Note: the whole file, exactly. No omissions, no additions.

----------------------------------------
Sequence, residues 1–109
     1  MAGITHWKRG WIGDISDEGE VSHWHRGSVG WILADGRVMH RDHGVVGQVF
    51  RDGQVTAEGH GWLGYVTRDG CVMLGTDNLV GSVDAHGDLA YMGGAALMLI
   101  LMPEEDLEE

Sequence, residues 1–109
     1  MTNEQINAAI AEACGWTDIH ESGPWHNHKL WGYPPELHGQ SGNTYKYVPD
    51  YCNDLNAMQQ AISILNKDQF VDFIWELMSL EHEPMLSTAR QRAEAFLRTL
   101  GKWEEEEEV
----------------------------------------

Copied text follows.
Sequence, residues 1–109
     1  MAGITHWKRG WIGDISDEGE VSHWHRGSVG WILADGRVMH RDHGVVGQVF
    51  RDGQVTAEGH GWLGYVTRDG CVMLGTDNLV GSVDAHGDLA YMGGAALMLI
   101  LMPEEDLEE

Sequence, residues 1–109
     1  MTNEQINAAI AEACGWTDIH ESGPWHNHKL WGYPPELHGQ SGNTYKYVPD
    51  YCNDLNAMQQ AISILNKDQF VDFIWELMSL EHEPMLSTAR QRAEAFLRTL
   101  GKWEEEEEV